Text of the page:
After signal peptide processing, the secreted peptide contains distinctive structural motifs that are highly conserved across species. One such motif is the N-terminal AVIT sequence and another comprises 10 conserved cysteine residues [1,9]. This N-terminal AVIT sequence is essential for the correct binding of receptors . However, it has not yet been identified if prokineticins can undergo in vivo proteolytic cleavage by extracellular proteases. As observed with chemokines, the N-terminal domain is also essential for receptor binding because cleavage of peptides from the N terminus by extracellular proteases regulates chemokine bioavailability by either increasing or decreasing the biological activity of the chemokine . Furthermore, prokineticins are highly basic. Indeed, PROK1 binds with high affinity to heparin–sepharose, and PROK2 and PROK2L are predicted to be highly basic with a pI of 8.85 and a pI of 10.68, respectively. Thus, prokineticin activity may also be regulated through the binding of extracellular components, such as sulphate proteoglycans . Interestingly, the members of the chemokine family are also highly basic, and their bioactivity is tightly regulated through interactions with heparin sulfates of the extracellular matrix . Chemokines contain four to six cysteine residues, and this is a marked structural difference from prokineticins, which contain 10 cysteine residues. The 10 cysteine residues form five disulphide bonds that confer a compact structure on the molecule, with N-and C-termini present on the surface. One side of the roughly ellipsoid protein has a positive net charge, whereas the opposite side is hydrophobic .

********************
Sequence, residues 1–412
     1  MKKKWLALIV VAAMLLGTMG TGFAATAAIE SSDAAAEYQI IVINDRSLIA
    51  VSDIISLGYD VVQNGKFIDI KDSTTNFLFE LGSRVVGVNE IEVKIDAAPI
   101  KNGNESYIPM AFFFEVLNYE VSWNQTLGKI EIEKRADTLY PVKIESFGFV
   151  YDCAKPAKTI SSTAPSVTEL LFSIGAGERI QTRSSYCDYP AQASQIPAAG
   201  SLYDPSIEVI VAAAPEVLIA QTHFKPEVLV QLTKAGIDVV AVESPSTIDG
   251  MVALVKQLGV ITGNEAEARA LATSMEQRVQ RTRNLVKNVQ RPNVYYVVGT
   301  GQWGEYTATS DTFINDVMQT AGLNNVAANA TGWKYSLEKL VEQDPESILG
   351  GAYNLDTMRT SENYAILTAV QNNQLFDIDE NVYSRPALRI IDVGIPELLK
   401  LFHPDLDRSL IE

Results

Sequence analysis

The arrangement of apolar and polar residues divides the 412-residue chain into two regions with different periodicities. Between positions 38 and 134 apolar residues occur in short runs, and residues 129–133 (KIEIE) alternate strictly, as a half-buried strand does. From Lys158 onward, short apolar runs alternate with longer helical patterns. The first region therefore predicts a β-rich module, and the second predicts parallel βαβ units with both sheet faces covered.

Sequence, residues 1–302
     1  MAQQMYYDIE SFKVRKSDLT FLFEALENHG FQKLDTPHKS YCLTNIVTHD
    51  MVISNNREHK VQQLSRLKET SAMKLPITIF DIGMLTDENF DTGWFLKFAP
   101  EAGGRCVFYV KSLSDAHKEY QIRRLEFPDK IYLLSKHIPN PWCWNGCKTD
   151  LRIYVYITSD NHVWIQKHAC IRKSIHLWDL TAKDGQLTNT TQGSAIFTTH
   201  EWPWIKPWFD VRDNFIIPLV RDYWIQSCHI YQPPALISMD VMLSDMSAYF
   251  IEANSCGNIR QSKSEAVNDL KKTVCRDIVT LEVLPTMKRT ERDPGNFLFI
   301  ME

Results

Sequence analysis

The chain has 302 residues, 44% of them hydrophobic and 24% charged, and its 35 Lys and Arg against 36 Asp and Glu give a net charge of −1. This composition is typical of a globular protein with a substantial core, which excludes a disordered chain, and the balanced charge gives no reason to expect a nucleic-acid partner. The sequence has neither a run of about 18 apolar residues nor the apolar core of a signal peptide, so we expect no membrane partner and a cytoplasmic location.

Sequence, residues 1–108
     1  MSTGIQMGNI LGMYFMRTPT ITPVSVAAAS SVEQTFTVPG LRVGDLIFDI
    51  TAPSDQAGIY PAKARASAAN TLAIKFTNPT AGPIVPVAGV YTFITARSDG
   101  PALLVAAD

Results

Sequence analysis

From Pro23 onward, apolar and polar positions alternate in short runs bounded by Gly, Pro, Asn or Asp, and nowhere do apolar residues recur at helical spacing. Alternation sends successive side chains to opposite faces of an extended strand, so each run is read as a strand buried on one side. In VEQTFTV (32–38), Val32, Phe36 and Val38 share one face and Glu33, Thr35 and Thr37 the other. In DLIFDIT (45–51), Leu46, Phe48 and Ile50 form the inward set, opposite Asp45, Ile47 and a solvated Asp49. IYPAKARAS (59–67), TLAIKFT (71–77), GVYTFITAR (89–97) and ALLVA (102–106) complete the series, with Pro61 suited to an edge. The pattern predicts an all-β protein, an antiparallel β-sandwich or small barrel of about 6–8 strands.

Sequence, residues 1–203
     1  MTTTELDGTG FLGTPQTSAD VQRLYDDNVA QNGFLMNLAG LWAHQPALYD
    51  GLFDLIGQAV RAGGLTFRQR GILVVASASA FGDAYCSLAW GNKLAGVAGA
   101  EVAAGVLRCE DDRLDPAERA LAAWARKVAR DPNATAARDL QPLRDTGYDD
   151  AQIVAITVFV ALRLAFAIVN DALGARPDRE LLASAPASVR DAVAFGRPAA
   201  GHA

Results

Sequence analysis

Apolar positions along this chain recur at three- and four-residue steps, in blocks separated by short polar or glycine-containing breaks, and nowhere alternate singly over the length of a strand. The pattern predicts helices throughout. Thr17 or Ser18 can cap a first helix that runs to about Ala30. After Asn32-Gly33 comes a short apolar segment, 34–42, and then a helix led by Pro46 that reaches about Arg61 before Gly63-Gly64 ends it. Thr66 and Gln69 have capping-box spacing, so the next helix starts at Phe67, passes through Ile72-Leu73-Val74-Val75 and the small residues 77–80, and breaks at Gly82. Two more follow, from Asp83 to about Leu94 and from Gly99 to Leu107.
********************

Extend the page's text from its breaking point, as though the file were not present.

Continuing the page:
We performed a phylogenic study in order to compare the degree of similarity among prokineticins, chemokines and defensins, (which, similarly to prokineticins, also contain a high number of cysteine residues) [19–22]. Interestingly, the results of the pylogenic study revealed a higher similarity of amino acid sequence between defensins and prokineticins than with chemokines (Fig. 1A).
Receptors PROKR1 and PROKR2